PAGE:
One call, one Web site: integrated Queensland e-government

One call, one Web site: integrated Queensland e-government

By Mark Chillingworth

One call, one Web site: that is the aim for government access in Queensland. The Queensland's state government is to integrate all commerce and contacts whether on the Internet or via telephone. CiTR, a company owned by the University of Queensland, will carry out the groundbreaking project in a partnership with Technology One.

Queensland Integrated Service Delivery, as the project has been dubbed, encompasses the entirety of Queensland's government agencies. The aim of the project is to allow businesses and citizens in Queensland to access the government and its services through one point of contact. Individual government departments will not have to be contacted separately; customers will service themselves from the one Web site or phone number.

In a project white paper, CiTR point out that a citizen or business may have a single objective in mind when they contact the state government, but then discover that they need to contact a multitude of different departments for different services.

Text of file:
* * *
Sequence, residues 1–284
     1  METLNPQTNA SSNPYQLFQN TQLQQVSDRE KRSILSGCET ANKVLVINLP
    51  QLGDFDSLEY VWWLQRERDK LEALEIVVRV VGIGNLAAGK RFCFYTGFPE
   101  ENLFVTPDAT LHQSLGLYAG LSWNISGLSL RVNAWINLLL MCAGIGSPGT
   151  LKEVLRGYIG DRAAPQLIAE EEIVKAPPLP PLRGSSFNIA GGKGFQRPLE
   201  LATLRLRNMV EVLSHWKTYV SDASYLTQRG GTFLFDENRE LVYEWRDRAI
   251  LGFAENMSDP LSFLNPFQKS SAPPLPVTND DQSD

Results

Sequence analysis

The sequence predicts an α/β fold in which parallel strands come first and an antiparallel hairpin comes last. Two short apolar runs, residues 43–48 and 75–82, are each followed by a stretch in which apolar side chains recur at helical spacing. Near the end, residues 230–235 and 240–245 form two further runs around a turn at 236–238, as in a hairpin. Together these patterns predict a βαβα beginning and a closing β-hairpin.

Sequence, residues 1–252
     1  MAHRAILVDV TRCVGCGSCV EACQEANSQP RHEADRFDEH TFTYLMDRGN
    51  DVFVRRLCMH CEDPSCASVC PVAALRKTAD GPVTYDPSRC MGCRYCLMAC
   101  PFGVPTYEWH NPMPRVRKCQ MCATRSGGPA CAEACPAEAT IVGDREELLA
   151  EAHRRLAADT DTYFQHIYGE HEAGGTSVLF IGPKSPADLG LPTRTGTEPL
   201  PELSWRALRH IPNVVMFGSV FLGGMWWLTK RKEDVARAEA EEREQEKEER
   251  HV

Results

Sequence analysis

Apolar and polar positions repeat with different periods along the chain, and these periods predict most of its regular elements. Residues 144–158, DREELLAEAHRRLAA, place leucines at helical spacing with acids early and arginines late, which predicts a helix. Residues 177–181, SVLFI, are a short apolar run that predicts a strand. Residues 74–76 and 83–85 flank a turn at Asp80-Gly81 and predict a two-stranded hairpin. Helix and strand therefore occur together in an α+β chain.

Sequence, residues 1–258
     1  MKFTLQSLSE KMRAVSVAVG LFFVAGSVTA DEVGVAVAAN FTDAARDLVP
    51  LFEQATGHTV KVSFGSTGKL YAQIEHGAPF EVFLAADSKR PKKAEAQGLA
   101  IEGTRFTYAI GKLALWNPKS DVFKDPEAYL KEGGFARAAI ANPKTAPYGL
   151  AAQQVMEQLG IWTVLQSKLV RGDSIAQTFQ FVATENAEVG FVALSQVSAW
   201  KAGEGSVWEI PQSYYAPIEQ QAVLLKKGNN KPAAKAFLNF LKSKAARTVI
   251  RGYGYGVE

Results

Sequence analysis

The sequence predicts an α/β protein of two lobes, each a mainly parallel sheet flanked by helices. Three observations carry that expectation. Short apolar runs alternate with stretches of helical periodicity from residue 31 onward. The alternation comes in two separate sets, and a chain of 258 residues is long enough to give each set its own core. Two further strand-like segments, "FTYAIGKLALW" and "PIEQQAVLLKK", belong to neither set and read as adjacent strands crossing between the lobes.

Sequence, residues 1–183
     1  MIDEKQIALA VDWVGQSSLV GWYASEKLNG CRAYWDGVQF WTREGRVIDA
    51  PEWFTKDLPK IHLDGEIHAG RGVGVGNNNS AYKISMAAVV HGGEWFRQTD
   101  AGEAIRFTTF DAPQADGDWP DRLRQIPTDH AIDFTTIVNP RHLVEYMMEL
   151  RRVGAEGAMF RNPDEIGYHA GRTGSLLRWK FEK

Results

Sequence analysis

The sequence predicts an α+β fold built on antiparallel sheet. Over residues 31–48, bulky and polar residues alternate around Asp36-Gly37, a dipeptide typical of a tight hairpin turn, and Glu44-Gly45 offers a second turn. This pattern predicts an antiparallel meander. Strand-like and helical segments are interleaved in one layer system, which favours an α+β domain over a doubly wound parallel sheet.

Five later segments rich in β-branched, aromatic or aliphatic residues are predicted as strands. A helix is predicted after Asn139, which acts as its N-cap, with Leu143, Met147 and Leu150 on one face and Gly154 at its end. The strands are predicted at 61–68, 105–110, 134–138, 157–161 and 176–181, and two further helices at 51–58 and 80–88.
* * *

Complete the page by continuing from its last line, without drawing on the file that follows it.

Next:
'Queensland government wants to remove the need to know the structure of government and created the Service Integration Infrastructure (SII) to meet this need,' the white paper states.

Until now, CiTR believes there has been 'little or no regard for integration of transactions across government agencies.' If SII succeeds, it is hoped that access to the government and its services will be more convenient and the costs of dealing with government will drop.

Winning the contract is a vote of confidence in CiTR, and its partner Technology One. John Scutt, CiTR's general manager explained that CiTR would provide the integration and the search abilities to allow a user to find their services from the systems at one point of contact. Technology One is to provide the processing and payment gateways to allow users to pay for the services.

"It is an exciting opportunity. In this country there are few initiatives that are built on the whole of government, so this is a sizable project," said Mr Scutt.

Up to 20 CiTR people in Queensland will be working on the project, which is due to be completed and go live in July 2003.

The single point of contact will not centralise Queensland government and rob regional towns or departments of their responsibilities. CiTR aims to enable agencies to maintain 'control and ownership of services.'

'They are responsible for making these services available for delivery through a whole of government infrastructure.'

Related Articles:

ACA considers monitoring broadband quality

NSW picks first two RM providers

Business Solution: